Are you ready to Liberate Your Art? Creating postcards from your artwork can be very easy!
Professional Printing Options
There are many professional services where you can upload an image file and have your postcards printed by a third party. After many years and a lot of postcards, I can recommend these three as the best sources, for both image quality and sturdiness in the mail:
- moo – My very favorite place to order postcards! Their quality is excellent and each postcard can have a different image. Use this link for $15 off your first order.
- Artifact Uprising – A luxurious, heavyweight matte cardstock. Matte finish works well with some imagery but is not as vibrant as a glossy finish.
- Vistaprint – I use Vistaprint for larger quantities, such as promotional cards or the quantity I need for the postcard swap. Sign up for their newsletter and then wait for one of their frequent sales.
Depending on the option you choose, you may end up with more than the 5 postcards needed for the swap. What should you do with them? Why, liberate them, of course! Send them to friends and family. Participate in side swaps through the Facebook Group. Sell them on Etsy. Whatever – get that art out there!
If you need to do simple editing to your image prior to uploading to a printing site, search for a free online photo editor or use an app like Snapseed.
Making Your Own Postcards
There are a number of options to make your own postcards:
- Turn any photo print into a postcard with a postcard backing sticker from The 2 Buds. This is a fabulous, simple idea to quickly make your own postcards!
- Inkjet postcard paper, special paper you can print directly on, is available from Red River Paper and Avery. Avery also has postcard papers for laser printers.
These are all US-based companies but most businesses will ship internationally. You can also search for similar options closer to home if you live abroad, now that you have the ideas.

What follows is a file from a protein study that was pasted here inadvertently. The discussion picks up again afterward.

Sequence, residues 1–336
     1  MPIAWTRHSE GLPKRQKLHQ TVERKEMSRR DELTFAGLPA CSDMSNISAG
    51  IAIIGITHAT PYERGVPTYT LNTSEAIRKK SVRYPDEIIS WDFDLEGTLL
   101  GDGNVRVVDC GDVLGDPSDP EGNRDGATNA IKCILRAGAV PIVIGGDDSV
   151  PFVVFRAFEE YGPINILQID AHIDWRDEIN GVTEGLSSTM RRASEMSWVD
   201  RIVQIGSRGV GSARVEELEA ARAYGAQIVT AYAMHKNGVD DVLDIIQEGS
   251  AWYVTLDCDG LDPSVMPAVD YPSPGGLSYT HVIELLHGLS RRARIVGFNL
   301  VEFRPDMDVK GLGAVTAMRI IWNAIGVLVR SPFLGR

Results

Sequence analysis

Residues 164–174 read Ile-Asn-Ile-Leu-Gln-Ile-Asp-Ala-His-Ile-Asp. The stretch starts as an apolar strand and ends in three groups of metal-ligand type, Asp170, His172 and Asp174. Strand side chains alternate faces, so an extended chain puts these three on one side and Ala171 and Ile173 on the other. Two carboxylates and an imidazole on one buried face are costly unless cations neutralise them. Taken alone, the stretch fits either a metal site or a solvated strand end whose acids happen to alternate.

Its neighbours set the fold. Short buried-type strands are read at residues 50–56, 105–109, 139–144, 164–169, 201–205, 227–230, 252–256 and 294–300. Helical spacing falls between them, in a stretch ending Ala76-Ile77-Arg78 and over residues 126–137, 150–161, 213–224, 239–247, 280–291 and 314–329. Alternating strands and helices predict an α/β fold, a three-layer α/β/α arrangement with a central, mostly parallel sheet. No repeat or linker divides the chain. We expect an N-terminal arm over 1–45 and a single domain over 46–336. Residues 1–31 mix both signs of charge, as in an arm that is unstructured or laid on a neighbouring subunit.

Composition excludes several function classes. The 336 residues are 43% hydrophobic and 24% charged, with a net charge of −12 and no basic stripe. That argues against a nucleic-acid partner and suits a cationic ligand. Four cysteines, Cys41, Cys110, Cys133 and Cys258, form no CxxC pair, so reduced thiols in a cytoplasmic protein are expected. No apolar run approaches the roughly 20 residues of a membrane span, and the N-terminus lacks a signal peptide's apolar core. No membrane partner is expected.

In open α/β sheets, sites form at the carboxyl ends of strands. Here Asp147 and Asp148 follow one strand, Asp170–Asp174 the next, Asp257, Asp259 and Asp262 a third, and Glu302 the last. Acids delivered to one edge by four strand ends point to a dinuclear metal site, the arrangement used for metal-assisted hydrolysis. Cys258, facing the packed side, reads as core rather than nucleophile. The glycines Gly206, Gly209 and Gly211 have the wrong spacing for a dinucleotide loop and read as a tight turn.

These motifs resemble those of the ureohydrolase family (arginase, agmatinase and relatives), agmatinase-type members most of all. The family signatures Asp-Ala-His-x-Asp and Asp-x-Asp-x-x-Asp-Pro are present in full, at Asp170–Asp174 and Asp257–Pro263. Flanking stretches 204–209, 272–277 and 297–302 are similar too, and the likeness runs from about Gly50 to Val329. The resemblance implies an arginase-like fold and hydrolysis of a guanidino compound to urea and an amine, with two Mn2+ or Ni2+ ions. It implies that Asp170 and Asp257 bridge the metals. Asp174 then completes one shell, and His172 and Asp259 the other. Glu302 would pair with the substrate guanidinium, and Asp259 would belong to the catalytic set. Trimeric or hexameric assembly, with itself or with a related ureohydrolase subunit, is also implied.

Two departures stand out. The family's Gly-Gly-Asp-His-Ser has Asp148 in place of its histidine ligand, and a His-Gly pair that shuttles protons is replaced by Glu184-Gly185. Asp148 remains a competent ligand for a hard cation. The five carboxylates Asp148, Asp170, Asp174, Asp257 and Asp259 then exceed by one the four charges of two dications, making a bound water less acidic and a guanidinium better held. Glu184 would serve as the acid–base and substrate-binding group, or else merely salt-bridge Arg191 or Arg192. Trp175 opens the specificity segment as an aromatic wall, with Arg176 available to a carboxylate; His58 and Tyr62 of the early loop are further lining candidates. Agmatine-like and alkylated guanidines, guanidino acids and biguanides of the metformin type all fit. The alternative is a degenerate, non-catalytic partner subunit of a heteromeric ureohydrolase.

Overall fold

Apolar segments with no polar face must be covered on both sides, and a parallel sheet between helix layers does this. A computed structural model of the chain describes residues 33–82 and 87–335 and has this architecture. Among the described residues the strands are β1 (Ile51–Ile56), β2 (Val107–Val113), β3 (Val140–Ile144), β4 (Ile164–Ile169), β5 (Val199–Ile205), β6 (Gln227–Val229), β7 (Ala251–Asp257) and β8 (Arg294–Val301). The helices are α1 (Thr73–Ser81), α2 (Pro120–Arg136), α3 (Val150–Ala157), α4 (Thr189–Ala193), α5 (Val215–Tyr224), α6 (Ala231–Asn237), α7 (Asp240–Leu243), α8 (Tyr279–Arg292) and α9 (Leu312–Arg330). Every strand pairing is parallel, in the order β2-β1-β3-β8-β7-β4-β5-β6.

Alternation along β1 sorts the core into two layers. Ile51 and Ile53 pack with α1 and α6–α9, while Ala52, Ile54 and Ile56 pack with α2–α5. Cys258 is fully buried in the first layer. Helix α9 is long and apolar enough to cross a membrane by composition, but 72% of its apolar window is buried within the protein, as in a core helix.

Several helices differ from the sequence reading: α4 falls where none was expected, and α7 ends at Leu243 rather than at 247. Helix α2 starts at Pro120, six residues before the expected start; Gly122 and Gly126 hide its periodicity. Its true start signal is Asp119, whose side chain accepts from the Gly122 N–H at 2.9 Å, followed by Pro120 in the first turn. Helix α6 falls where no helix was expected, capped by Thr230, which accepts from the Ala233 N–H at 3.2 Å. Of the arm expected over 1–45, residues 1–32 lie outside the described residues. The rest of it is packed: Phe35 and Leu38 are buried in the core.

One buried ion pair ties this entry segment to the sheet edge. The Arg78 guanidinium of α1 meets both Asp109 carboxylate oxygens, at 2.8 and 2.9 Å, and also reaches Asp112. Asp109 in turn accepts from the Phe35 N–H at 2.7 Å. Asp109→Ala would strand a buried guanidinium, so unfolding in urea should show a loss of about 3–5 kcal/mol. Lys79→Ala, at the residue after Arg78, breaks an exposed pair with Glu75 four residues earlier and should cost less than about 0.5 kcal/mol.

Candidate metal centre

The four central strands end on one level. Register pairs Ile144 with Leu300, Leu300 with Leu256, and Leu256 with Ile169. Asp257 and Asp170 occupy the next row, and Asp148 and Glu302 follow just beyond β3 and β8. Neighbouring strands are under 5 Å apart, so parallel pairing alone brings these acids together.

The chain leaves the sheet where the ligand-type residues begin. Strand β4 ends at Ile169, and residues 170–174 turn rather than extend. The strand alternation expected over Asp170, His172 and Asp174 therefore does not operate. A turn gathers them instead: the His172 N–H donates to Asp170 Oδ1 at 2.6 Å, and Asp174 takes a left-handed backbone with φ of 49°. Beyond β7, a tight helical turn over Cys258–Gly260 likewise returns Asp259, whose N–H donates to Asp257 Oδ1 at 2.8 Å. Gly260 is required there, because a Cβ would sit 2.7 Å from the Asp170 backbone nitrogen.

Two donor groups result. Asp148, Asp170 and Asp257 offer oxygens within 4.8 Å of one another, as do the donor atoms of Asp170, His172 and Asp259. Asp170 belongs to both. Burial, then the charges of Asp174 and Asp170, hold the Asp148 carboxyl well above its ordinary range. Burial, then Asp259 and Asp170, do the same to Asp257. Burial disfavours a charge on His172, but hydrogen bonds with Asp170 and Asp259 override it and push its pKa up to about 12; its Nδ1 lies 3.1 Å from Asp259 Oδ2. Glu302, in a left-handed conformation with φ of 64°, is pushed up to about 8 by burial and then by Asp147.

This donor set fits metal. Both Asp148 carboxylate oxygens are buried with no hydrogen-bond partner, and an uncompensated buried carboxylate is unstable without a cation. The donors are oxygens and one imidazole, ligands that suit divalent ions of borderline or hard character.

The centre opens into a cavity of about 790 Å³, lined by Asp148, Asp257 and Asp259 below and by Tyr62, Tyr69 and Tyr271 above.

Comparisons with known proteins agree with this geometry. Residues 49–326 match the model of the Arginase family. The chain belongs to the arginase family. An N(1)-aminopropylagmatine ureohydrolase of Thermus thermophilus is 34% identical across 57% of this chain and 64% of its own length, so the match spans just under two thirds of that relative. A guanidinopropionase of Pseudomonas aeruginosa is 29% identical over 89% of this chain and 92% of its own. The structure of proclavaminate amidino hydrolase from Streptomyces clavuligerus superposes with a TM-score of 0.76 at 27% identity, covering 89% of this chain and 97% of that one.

Capture Your Art Tutorial
If you need to photograph your art to get a digital image to reproduce, here’s a simple procedure to capture the image with any digital camera:
- Find some “open shade.” You want to find somewhere, typically outside, that is not in the direct sun but is not in deep or mottled shade. The shady side of a house, just inside a garage door, inside a large picture window or an overcast day work great. Be sure there is no strong color cast in the reflected light in the shade (for example, a green wall would create a green color cast, even in the shade).
- Set your art up so that you can photograph it “straight on,” where the camera is as perpendicular to the art surface as possible. You could set it on the ground and look directly down on it (you may need a step stool to do this), or you could prop it up on another surface (try for neutral color backgrounds such as grey, black or white).
- Turn off the flash on your camera. All point-and-shoots, even with no other manual controls, will have an option for “no flash.” Check your camera manual if you don’t know how to turn off the flash.
- If you have one, use a tripod. This will help you set up perpendicular to the art surface, but also will help you avoid blur due to the camera shaking if the light is low. If you don’t have a tripod, hold the camera as steady as possible when you take the pictures.
- Fill the viewfinder with the art, leaving some space around it for cropping.
- Take several images with this set up, especially if you are not using a tripod. The color, exposure and clarity may vary shot-to-shot depending on your camera and setup. You’ll want several to choose from on the computer.
- Download to the computer and make any minor adjustments to the image such as cropping or exposure. Any simple photo editing software allows you to do this, and most will have an “auto adjust” feature you can try. If you don’t know how to do this, you can also upload to printing sites such as moo.com. Moo allows you to upload the image, then crop and select the “photo enhanced” option which will try to improve the image’s exposure and sharpness to match the moo printing process. It works well for photographs, in my experience.
View this short YouTube video for some good tips. You can search for other videos on YouTube for help.
Print Your Own Postcards Tutorial
It takes nothing more than a photo print, cardstock and adhesive to create postcards. Here’s how I’ve created my own postcards in the past:
- Start with a photo print. This can either be printed yourself on photo paper or printed through a photo print service.
- Add a strong, double-sided tape, outlining the back of your card. Put some tape in the center for strength.
- Adhere the photo to a heavy weight cardstock. I’ve found the easiest thing to do is to line up the print onto a corner of the cardstock before it is cut, then trim the excess with a ruler and craft knife. If you measure and cut the cardstock first, it’s hard to get everything nicely lined up.
- Draw a line to separate the address and message sides of the postcard. That’s really all you need, as a guide for your writing.
I’ve made postcards with this method many times and they’ve survived through the mail from Italy to the US without problem.
Good luck! Choose the easiest option for you. Remember, creating the art is the most important thing. The postcard is just a way to liberate it.